I currently use Mechanicus Grey from below, then grey seer from the sides and above, and paint the white on highlighted surfaces after that. I like that effect better than spraying it from above, and builds a good ground for contrast paints.

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Indeed, it's better to prime in a light grey and if you own an AB just use regular white paint (or ink - white ink is the bomb) usually. Although not all white primers are as bad as GW's (used) to be from what I've read online... I think I've read that it's better these days.

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6 minutes ago, MitGas said:

Indeed, it's better to prime in a light grey and if you own an AB just use regular white paint (or ink - white ink is the bomb) usually. Although not all white primers are as bad as GW's (used) to be from what I've read online... I think I've read that it's better these days.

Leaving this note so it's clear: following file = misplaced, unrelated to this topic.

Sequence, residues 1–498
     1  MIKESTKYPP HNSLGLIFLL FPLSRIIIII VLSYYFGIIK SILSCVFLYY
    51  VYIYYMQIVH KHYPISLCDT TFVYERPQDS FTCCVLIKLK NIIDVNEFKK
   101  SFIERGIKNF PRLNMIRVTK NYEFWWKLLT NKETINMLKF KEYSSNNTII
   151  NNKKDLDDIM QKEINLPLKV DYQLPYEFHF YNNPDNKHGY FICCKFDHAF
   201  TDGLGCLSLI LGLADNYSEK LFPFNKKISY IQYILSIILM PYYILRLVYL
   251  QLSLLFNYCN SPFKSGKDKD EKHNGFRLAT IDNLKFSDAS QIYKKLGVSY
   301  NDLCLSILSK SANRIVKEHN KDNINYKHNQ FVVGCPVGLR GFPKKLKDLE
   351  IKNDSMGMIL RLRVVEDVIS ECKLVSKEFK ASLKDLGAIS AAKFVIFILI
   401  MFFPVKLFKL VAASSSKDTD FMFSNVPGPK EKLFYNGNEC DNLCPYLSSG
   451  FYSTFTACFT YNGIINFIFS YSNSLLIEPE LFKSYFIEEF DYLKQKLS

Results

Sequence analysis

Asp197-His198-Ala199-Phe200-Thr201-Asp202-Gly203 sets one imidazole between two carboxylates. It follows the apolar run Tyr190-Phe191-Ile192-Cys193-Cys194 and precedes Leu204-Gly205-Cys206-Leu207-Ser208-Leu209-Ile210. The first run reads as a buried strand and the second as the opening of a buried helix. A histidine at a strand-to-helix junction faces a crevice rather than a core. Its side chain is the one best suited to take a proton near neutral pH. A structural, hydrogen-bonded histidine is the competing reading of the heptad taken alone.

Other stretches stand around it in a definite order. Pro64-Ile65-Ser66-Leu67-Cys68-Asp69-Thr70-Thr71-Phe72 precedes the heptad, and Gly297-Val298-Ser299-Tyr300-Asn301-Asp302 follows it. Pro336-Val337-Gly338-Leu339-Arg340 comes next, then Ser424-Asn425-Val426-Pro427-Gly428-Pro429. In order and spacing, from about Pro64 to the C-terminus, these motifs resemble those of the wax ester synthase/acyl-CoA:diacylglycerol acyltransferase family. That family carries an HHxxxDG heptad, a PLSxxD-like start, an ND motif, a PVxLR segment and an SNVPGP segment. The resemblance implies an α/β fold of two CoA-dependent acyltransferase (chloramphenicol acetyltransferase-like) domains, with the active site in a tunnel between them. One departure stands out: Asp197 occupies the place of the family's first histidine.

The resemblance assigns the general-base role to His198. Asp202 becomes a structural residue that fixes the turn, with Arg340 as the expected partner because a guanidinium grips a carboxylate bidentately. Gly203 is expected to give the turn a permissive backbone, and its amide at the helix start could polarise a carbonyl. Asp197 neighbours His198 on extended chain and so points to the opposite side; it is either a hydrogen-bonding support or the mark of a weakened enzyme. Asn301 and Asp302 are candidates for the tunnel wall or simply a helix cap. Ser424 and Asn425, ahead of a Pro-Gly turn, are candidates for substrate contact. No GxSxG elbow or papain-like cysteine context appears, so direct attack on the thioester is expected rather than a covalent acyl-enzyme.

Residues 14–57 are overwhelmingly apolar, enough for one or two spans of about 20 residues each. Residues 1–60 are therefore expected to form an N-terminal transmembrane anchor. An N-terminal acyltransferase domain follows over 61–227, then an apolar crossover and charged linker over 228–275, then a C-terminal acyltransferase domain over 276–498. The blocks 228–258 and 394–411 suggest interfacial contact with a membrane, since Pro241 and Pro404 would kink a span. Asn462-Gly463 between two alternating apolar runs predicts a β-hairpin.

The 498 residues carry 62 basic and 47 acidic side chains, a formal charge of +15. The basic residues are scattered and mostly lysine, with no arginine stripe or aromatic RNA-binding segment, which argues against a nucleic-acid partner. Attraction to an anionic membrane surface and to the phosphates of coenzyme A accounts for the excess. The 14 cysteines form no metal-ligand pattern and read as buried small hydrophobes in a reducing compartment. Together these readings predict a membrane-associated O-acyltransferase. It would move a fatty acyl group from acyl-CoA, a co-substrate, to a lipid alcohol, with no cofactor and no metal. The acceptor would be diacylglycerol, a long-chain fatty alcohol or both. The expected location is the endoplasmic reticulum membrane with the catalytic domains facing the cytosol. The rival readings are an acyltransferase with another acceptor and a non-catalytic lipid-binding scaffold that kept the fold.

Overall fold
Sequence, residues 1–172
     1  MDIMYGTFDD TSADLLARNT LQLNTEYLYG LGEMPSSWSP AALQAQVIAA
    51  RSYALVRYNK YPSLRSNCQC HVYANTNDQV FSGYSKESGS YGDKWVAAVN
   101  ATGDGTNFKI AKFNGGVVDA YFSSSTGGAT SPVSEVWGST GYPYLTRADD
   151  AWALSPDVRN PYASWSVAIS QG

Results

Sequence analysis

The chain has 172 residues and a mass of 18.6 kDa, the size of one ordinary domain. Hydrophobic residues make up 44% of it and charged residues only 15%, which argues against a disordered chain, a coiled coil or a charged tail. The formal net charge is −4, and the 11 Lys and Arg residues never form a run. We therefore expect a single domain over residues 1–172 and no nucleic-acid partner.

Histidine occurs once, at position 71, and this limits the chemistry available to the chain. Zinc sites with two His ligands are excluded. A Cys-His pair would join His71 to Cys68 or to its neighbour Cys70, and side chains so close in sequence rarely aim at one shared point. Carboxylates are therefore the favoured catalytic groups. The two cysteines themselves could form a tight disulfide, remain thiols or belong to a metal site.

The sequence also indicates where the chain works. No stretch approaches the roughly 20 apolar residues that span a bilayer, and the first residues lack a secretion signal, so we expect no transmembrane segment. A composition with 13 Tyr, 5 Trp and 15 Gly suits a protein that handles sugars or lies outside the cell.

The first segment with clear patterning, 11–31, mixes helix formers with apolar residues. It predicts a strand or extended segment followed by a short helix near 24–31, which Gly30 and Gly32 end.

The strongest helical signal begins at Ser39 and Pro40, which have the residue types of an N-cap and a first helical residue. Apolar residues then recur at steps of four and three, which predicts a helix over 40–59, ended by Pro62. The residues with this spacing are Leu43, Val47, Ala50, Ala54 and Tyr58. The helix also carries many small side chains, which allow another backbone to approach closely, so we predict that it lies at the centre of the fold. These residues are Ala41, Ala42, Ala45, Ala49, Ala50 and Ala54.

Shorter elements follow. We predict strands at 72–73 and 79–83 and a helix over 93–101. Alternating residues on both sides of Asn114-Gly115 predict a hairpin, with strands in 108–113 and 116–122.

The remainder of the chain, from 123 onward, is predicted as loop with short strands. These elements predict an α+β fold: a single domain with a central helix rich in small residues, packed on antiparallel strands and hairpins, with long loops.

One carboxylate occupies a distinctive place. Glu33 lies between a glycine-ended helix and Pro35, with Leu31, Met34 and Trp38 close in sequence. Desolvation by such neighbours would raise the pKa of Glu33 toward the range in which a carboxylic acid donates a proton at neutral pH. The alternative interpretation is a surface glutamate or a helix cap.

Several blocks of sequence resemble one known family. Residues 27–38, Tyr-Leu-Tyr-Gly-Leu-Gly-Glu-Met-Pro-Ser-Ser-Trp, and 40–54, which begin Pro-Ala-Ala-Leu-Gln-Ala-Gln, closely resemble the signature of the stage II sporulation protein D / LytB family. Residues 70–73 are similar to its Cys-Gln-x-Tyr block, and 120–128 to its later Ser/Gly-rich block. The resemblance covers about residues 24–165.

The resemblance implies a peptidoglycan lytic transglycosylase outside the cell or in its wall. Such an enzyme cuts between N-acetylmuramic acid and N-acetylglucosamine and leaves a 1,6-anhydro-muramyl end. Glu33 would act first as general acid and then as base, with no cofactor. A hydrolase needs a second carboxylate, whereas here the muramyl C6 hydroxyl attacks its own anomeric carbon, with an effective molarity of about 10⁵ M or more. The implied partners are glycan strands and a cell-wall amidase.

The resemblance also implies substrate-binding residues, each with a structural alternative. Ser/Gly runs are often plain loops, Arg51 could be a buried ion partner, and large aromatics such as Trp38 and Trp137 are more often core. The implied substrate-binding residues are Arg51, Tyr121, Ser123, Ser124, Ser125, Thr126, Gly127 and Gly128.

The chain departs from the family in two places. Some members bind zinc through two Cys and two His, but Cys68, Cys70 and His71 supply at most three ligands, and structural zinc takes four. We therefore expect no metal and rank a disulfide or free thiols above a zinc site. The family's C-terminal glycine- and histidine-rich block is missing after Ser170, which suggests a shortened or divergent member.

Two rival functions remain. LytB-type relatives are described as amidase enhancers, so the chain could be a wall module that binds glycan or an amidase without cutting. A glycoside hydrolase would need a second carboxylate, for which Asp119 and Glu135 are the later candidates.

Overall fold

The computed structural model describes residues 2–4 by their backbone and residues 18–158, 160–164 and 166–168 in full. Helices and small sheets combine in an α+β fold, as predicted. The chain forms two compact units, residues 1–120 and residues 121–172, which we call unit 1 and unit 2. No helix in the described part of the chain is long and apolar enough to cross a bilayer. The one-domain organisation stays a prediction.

One thing to note, is that while Wraithbone isn't white, it's not that bad of an undercoat. The most problematic colour to get to cover is yellow, and there is quite a bit of yellow tone in  our world. If the sun is like ours (not a given, I know), yellow will also be more prevalent in the light coming from the top

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I have a feeling you may have not waited long enough before painting over it. Ive never had any problems with the white primer from Vallejo but I tend to prefer the grey or black one and then do Zenithal Priming.